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Keep safe from the Recovery Audit Contractors and the courts by making the corrections correctly

What flaws are the Recovery Audit Contractors searching for in records?

Illegible documentation, incomplete documentation, unidentified providers, wrong dates of service – and evidence of improper corrections.

To help offices stay safe, the government has set out guides for making corrections so the records pass muster with the RACs.

Those same guides will also ensure the records pass muster with a jury should they end

The definition of correct

For both paper and electronic records, the government says, three principles have to be followed.

• First, the new information has to identify itself for what it is – an amendment, a correction, or a delayed entry. And the identification itself has to be a permanent part of the record.

• Second, the entry has to be signed and dated by the person who makes it.

• And third, the record has to show both the original entry and the clarification or correction.

With paper records, there needs to be a single line drawn through the changed entry so it’s still readable. And whoever makes the change has to sign and date the strike-through.

With EHRs, there needs to be a straightforward narrative stating that an error has been made and is being corrected, also signed and dated. And along with that:

• The new entry has to be flagged to show that it is a change.

•It has to tell where the original entry appears. That’s necessary, because the corrected entry could appear in a different location from the original entry.

• The EHR system has to be able to suppress errors but at the same time make them accessible.

• Any printed copies of an altered record have to identify the new entry as a correction or addition.

Beyond the RACs to malpractice

Beyond the RAC issue, improper corrections are fuel to the fire in malpractice claims, says David H. Krause, a medical malpractice attorney with Seaman Garson in Cleveland, OH.

From a malpractice defense standpoint, the greatest danger is that a correction will be seen as a blatant effort “to cut off the record trail.”

But there is also a gray area where there’s an innocent alteration, and that’s where offices need to be careful.

An example is the situation where a staffer is preparing a record copy in response to a request, checks to make sure everything is there, and in the process makes a change or two to improve the record’s appearance. The change may be nothing more than a dotted I or a crossed t, but that’s enough to cast doubt on the entire record.

All a plaintiff’s attorney has to say is “we know the office went back on this date and made these changes” and the clear implication is that other changes were made as well.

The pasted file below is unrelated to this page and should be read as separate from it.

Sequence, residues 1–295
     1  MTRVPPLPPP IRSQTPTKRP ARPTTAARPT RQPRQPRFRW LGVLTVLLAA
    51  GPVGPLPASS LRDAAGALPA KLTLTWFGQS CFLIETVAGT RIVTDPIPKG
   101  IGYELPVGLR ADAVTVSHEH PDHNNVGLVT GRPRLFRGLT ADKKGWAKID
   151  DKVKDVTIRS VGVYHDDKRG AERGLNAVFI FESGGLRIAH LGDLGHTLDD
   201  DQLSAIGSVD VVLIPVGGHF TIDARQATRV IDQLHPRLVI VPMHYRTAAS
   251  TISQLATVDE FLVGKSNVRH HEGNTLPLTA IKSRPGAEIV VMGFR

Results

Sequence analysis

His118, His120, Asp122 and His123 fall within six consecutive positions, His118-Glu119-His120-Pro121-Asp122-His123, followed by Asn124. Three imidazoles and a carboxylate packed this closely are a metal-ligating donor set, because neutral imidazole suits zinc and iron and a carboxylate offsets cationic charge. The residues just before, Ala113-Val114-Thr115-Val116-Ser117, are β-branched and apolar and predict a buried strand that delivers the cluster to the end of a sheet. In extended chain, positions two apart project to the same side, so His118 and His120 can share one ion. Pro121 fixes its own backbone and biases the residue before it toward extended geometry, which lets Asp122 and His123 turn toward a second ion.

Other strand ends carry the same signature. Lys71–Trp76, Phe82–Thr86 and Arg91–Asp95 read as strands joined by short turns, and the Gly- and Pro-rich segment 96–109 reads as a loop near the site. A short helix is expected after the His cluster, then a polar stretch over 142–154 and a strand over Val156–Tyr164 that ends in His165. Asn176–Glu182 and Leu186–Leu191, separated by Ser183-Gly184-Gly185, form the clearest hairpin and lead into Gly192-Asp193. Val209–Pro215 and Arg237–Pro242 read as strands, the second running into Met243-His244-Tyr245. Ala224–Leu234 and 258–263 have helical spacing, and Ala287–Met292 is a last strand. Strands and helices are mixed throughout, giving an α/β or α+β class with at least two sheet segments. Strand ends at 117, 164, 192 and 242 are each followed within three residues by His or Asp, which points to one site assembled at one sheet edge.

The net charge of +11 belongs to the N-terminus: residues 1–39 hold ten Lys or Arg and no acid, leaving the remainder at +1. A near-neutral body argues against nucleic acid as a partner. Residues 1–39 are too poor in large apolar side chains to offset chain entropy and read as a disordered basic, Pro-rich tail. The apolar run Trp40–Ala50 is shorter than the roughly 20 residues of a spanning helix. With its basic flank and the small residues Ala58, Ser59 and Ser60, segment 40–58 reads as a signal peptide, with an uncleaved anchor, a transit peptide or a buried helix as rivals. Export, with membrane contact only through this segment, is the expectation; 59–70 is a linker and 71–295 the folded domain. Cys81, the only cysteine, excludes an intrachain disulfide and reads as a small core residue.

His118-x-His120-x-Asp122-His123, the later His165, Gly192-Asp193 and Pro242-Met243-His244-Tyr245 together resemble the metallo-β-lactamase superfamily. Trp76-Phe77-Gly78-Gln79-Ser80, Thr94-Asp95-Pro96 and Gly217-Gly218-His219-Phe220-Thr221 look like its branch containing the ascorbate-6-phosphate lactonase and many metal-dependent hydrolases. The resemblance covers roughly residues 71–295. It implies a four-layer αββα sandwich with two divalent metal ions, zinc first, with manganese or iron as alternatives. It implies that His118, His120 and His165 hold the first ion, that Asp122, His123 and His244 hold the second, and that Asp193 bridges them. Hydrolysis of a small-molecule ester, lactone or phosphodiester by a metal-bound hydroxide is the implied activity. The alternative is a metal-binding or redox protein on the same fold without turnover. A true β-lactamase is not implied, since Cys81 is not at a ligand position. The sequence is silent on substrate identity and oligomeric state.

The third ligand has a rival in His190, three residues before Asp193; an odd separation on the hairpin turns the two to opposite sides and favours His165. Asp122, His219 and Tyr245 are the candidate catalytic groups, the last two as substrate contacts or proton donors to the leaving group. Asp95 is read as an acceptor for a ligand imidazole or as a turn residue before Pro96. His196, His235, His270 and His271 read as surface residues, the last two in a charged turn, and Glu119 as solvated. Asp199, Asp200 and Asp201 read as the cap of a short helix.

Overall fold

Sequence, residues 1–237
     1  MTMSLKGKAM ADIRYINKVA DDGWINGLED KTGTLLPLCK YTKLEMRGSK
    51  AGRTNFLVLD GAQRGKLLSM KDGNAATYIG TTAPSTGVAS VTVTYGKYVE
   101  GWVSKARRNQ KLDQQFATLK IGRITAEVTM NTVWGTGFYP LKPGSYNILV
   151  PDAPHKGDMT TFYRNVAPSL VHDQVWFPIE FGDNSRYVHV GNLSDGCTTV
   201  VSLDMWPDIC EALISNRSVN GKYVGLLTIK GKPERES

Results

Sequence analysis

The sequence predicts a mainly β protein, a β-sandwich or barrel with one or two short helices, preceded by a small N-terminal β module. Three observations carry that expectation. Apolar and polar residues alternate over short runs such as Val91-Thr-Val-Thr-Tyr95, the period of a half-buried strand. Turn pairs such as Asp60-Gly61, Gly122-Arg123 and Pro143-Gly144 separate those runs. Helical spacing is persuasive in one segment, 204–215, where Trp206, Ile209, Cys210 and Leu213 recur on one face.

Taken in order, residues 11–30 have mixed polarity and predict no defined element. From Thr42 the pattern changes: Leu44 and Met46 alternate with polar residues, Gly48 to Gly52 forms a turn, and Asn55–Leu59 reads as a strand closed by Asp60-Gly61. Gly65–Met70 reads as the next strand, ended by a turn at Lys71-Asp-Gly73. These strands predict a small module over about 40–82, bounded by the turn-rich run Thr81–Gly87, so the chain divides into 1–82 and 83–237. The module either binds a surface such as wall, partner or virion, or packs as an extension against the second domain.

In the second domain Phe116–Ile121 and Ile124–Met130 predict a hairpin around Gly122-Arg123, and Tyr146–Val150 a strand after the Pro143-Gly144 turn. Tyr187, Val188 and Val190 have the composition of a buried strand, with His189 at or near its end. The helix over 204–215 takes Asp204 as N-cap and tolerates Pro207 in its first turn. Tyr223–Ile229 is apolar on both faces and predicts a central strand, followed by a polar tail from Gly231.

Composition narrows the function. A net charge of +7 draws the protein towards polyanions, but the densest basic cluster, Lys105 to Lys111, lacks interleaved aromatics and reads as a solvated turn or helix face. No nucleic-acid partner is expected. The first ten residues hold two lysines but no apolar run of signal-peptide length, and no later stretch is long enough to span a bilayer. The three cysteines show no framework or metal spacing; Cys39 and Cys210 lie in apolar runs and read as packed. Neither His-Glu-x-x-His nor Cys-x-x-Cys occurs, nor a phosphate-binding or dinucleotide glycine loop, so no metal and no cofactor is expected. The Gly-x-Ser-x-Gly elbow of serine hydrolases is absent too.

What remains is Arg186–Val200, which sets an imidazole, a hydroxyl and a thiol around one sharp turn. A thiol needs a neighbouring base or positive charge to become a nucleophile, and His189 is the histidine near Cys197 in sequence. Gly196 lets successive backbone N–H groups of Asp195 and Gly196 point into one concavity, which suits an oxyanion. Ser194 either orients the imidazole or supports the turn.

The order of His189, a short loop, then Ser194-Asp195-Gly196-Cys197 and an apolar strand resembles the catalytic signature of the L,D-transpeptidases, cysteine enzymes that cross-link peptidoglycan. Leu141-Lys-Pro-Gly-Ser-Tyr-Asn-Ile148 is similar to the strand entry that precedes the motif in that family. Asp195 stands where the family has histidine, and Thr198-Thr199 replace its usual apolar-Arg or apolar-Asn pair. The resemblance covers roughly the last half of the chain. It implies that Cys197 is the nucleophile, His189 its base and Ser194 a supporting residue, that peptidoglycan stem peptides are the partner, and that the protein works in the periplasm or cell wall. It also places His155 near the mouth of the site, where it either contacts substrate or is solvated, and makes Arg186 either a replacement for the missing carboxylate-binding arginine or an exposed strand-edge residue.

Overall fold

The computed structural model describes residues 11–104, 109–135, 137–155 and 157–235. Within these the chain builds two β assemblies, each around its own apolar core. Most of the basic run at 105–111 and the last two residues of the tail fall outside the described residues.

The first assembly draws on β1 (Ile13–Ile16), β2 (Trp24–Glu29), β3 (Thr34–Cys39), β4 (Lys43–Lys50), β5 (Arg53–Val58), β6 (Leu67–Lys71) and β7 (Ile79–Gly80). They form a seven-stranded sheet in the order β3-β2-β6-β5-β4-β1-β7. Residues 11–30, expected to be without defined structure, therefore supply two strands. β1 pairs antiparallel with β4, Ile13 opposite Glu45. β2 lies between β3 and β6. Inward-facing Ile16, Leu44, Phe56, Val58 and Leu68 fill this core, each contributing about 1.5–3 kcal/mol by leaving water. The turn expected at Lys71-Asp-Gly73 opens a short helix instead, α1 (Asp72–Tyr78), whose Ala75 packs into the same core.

The attorney’s starting point

In a legal matter, the presumption is that the record has not been altered. It’s up to the plaintiff to show that it has.

So what does a plaintiff’s attorney look for?

“The starting point is the times the record has been accessed, “ Krause says. And what many offices fail to realize is that  with electronic records, every access gets noted even is the documentation isn’t touched. There’s always a trail of who’s been into the record and when.

From there, the attorney looks at what has happened to the record since the incident occurred- what’s been added or taken out r changed.

Money from the doctor’s pocket

The greatest danger in a malpractice claim is not so much the medical mistake, Krause says. A defense attorney can deal with bad facts. But what an attorney can’t always get around is evidence that somebody tried to cover up those facts.

“If a patient suffers and there’s an indication that the record has been monkeyed with,” the doctor is open to punitive damages. And in most states, record cover-ups are not protected by malpractice insurance. The physician is personally liable.

The problem can worsen. The responsibility can expand to the point that “everybody is in the soup together.” He gives the example of a nurse’s entering information under the doctor’s name. The doctor could be responsible for allowing the nurse to do that, and if the information entered is outside the nurse’s scope of practice, the nurse is also facing trouble.

Making an attorney-safe correction

Changing the record depends on the system, he says. But the safest way to put in a correction or late entry is to identify it for what it is and also identify the original entry it refers to.

Along with that, explain why the entry is late, perhaps that the information didn’t come in until the time of the addition.

When the documentation is honest and changes are clearly identified, there’s nothing to worry about. “If it’s out in the open, nobody can be criticized for altering the record.”

But when the correction or addition isn’t clear, watch out. If the last day of treatment was in October, the patient died in December, and then in June there’s a not-so-clear record change, eyebrows go up.

Put the onus on the vendor

Krause also gives a word of safety advice, and it is to follow the EHR program’s instructions for making corrections.

“Follow them to a T,” he says. The vendor has to verify that the system complies with EHR requirements, so if the office follows the vendor’s recommended procedures and a mishap happens, it’s the vendor who has to answer to it.









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